Judo replaces swimming as one of Philippines’ priority sports


The Philippine Sports Commission (PSC) has officially delisted “Swimming” as one of the “priority sports” and was replaced by Judo.

PSC Chairman Richie Garcia said that the PSC Executive Board has agreed to finally remove “Swimming” from the list of 10 priority sports since PSI’s program has not really changed nor improved for the past three years.

“Swimming has a total of 48 gold medals at stake,” said Garcia.

“But unfortunately, for the past three years, we have yet to see new and promising athletes. PSI had relied on same faces and has not produced new swimmers that could win medals in SEA Games,” added Garcia.

Although Jasmine Alkhaldi, Jessie Khing Lacuna and Josh Hall are really good swimmers and could deliver medals comes 2015 SEA Games, PSI’s inability to beef-up the team with the same caliber as the three is a reflection of a very bad swimming program in the country.

The last time a Filipino swimmer has won a gold medal in SEA Games was in 2009 where we brought home 4 gold medals; two of which were won by Miguel Molina, one by Daniel Coakly and one by Ryan Arabejo. All three are have already retired.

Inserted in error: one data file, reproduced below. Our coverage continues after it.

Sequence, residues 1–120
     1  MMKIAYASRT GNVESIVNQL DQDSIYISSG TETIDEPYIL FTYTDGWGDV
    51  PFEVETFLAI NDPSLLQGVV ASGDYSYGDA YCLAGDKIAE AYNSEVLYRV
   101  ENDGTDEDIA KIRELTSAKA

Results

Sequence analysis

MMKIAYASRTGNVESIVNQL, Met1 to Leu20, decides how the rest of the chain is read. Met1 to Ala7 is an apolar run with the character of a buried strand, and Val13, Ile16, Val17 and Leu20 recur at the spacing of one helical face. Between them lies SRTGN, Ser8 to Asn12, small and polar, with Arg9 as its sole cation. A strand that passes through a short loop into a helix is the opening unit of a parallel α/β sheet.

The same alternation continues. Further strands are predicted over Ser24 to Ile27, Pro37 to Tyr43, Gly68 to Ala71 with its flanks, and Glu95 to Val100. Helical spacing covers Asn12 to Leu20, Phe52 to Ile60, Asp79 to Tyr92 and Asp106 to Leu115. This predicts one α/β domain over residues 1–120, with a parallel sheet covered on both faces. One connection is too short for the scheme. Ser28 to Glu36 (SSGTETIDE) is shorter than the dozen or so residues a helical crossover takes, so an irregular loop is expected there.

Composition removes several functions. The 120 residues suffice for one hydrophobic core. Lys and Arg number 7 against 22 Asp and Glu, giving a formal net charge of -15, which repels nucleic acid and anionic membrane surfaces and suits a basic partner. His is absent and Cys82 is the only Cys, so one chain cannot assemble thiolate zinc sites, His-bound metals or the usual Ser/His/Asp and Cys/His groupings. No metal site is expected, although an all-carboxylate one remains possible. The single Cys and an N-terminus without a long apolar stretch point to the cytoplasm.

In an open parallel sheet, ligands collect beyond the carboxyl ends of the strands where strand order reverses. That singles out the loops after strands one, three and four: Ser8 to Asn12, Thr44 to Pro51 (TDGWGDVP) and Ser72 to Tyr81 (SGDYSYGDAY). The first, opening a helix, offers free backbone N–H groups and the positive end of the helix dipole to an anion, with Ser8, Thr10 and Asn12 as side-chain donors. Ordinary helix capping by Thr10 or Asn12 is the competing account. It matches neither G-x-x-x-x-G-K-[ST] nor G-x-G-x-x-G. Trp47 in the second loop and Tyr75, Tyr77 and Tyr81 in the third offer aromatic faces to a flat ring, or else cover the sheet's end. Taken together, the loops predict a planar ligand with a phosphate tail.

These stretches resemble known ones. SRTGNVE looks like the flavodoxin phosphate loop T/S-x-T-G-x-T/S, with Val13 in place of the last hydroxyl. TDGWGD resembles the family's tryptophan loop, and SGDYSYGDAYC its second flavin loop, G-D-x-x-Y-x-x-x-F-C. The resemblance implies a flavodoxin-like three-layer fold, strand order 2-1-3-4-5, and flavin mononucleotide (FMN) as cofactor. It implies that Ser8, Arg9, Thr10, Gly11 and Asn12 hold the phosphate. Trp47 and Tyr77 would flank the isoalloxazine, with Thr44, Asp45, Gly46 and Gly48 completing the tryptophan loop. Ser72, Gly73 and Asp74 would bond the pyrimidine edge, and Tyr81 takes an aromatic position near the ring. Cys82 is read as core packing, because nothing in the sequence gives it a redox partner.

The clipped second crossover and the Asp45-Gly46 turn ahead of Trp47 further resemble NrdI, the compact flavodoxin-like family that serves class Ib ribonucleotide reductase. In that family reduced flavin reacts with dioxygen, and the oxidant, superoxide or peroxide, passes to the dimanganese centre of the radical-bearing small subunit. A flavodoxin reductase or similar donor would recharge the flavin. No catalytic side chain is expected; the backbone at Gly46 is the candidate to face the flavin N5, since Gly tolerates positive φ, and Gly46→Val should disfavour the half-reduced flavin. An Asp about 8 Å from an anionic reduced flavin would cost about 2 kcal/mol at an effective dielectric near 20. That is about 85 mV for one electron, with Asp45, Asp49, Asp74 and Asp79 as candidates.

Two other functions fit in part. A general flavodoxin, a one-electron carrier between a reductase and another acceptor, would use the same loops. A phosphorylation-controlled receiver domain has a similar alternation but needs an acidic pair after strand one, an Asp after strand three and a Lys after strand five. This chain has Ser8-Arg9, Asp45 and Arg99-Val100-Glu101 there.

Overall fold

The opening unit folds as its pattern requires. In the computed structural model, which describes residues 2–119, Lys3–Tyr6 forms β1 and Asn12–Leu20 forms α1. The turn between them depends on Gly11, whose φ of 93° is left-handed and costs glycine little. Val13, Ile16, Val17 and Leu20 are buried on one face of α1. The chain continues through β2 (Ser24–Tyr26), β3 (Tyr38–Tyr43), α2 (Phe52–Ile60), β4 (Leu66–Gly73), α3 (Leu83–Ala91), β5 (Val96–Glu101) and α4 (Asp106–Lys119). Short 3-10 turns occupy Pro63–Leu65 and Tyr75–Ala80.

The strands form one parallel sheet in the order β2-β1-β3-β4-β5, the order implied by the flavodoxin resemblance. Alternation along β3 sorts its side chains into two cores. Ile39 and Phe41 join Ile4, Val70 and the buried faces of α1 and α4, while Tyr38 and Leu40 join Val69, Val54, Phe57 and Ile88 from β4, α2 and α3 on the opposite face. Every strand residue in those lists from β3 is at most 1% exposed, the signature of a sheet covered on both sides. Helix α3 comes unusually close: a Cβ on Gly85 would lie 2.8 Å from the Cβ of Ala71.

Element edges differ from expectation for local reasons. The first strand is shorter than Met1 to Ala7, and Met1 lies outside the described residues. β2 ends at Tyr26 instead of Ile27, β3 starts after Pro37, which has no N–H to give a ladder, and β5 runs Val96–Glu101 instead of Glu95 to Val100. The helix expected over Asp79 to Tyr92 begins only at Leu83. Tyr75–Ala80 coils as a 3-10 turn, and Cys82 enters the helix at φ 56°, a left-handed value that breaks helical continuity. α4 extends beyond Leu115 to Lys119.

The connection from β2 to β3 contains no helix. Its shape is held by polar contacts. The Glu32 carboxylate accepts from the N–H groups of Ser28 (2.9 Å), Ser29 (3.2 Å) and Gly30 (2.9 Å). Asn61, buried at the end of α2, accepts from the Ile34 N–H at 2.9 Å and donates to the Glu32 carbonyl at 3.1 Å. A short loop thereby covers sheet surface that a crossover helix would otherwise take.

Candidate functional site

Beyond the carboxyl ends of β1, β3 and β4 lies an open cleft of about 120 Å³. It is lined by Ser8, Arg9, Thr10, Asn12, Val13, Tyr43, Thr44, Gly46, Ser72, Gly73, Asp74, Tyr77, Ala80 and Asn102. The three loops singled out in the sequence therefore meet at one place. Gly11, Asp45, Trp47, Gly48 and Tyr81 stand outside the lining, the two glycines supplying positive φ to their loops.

Judo, which replaced swimming as a priority sport, has new and young members in the team where few of them made it to the quarterfinals in the 17th Asian Games in Incheon, Korea.

PSC has first decided to replace Weighlifting with Chess as a priority sport.

“We just receive the PSC Board Resolution today informing us that Chess will be one of the priority sports of the agency in the next fiscal year. We will replace weightlifting in the priority list,” said Gonzales.

The ten priority sports then in the next fiscal year will be composed of Athletics, Archery, Boxing, Billiards, Karatedo, Taekwondo, Wushu, Wrestling, Chess and Judo.

SEA Games gold medalists in these priority sports are receiving a monthly allowance of 40,000 pesos, while 30,000 pesos and 25,000 pesos monthly allowance for silver and bronze medalists.

Priority athletes receive higher allowances from PSC compared to athletes who are not in the priority sports, although there are elite athletes not from the priority sports who are also receiving allowances like the priority athletes.

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